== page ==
The mail-in system for Tuesday’s election, coupled with the pandemic that has kept many people at home and dominated news coverage, made it difficult to predict turnout. Turnout in February in the district’s special primary was about 18%.

Wendy Royalty of Ellicott City voted by mail for Mfume. But the ballot of her 18-year-old daughter, Tess Miller, never arrived in the mail, meaning the she had to vote in person. The backup option left Royalty satisfied with the process.

“The Board of Elections has done an amazing job switching over (to mail-in voting) so quickly,” Royalty said. “I was a little worried at first, but they’ve done an amazing job.”

State election officials reported Tuesday night that just over 1,000 people voted in person on Election Day. The polls closed at 8 p.m.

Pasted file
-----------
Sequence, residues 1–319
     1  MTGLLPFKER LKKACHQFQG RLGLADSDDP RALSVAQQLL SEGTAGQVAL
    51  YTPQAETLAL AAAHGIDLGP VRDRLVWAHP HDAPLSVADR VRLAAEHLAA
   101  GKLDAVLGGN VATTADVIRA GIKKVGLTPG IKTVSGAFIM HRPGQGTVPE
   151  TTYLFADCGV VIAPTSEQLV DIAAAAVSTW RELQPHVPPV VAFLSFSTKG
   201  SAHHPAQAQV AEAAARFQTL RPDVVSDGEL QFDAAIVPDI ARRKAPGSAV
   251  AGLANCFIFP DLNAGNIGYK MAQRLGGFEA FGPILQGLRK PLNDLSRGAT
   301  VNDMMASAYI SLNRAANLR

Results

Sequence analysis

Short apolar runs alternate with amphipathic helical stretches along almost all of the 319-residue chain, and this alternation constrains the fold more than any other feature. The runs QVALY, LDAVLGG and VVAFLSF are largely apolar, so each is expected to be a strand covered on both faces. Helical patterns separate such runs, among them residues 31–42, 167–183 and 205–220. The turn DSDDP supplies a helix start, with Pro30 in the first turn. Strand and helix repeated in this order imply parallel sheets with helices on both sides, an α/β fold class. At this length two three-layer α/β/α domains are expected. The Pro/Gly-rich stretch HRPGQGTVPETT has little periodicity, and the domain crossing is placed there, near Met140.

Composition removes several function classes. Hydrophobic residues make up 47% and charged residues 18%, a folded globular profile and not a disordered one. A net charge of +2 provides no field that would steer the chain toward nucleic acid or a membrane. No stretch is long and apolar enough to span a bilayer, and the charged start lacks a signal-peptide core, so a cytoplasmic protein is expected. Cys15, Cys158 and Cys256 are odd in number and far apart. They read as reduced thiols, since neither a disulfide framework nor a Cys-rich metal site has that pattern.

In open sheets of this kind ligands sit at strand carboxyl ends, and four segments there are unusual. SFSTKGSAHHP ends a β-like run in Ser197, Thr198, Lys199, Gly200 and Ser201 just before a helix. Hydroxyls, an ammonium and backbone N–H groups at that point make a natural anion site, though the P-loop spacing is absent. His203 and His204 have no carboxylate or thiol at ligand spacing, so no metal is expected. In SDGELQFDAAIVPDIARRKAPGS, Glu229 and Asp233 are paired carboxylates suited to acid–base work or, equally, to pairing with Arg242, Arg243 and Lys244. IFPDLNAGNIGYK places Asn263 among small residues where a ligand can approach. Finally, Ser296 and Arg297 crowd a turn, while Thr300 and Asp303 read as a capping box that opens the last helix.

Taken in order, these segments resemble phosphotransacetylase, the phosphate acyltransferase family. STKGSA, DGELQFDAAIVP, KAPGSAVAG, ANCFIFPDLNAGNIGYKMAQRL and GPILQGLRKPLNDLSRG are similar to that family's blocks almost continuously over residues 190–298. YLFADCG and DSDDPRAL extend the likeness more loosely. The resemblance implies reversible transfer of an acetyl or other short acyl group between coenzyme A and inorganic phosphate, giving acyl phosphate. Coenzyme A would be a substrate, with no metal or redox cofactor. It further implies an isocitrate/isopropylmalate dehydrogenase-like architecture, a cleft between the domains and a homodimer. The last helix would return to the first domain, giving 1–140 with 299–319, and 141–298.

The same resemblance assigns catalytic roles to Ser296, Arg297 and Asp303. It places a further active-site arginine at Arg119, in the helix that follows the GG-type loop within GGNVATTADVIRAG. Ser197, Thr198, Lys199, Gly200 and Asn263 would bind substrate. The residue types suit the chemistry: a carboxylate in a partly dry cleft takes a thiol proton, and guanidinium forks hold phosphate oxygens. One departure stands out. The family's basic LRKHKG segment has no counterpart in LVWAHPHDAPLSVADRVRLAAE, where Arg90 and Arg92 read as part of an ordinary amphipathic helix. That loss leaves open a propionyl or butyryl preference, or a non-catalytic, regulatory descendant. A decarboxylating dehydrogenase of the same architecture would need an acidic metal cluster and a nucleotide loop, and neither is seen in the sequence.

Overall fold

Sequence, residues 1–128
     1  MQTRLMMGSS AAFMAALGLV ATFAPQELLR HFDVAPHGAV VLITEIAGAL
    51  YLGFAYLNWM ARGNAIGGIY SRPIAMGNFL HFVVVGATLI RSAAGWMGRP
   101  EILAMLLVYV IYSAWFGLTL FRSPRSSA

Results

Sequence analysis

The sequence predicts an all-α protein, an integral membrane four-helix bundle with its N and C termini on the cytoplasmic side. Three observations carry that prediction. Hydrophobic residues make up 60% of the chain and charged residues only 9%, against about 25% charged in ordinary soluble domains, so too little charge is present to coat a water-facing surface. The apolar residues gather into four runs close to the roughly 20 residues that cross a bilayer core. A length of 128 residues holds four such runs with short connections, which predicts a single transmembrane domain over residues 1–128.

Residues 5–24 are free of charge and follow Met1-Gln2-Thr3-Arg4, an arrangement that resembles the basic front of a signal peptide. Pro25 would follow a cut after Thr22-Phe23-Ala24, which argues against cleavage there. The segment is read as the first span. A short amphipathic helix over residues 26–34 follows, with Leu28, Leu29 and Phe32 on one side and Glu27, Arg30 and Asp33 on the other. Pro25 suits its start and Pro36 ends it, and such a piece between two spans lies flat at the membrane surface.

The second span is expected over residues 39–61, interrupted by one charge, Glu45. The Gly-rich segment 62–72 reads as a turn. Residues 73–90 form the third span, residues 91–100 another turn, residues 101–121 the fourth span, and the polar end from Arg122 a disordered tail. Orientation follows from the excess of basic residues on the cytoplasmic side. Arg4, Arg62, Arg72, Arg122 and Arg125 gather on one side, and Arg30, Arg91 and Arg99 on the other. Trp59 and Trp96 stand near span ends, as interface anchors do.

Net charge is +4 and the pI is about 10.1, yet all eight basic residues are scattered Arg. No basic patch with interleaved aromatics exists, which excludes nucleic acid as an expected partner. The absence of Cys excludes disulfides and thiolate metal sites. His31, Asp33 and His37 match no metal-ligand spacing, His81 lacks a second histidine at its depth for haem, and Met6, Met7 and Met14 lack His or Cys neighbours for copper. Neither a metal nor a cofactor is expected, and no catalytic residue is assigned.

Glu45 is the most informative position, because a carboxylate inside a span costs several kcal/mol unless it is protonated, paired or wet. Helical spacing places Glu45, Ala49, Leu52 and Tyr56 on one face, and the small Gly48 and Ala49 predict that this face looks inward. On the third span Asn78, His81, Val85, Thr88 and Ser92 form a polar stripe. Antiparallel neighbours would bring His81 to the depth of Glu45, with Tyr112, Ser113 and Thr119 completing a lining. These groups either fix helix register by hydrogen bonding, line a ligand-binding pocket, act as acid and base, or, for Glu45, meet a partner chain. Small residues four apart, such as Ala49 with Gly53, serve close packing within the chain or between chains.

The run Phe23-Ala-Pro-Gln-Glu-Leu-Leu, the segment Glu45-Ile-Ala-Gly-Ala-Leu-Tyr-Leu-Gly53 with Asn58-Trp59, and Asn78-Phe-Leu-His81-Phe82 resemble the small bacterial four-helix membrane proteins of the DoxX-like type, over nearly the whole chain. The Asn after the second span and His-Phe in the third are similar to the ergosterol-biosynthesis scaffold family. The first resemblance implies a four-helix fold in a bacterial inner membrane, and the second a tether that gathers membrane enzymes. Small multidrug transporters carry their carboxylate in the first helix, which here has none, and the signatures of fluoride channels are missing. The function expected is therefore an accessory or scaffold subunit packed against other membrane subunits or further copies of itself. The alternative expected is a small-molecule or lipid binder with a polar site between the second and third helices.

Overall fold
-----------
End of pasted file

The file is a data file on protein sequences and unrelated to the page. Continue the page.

Hogan last month ordered the vote-by-mail election for the races originally scheduled for April 28. While he put off the state primaries that had been set for Tuesday to June 2, he kept the 7th District special general election on Tuesday.

Royalty said it’s important for the district to have a representative in Congress. The seat has been vacant since Cummings died in October.

“The governor did the right thing,” she said.

But the process didn’t work for every voter.

Felicia Woodland, 73, has cast a ballot in every election that she legally could. As a black woman, she said, her family hammered home how important it is to vote.

“It took us so long to be able to,” she said.

But she said her ballot for Tuesday’s election never arrived in the mail. So, she took two buses to Edmondson Westside High School to try and vote in person. When she went inside, she said election workers told her she had to fill out paperwork to vote. Her carpal tunnel syndrome was acting up too much, so she left without voting.

“May the best person win,” she said, resigned.

Maryland will repeat the entire process in June on a much larger scale. Ballots will be mailed to more than 4 million voters statewide for the presidential and Baltimore mayoral primaries and for all eight of Maryland’s seats in the U.S. House of Representatives.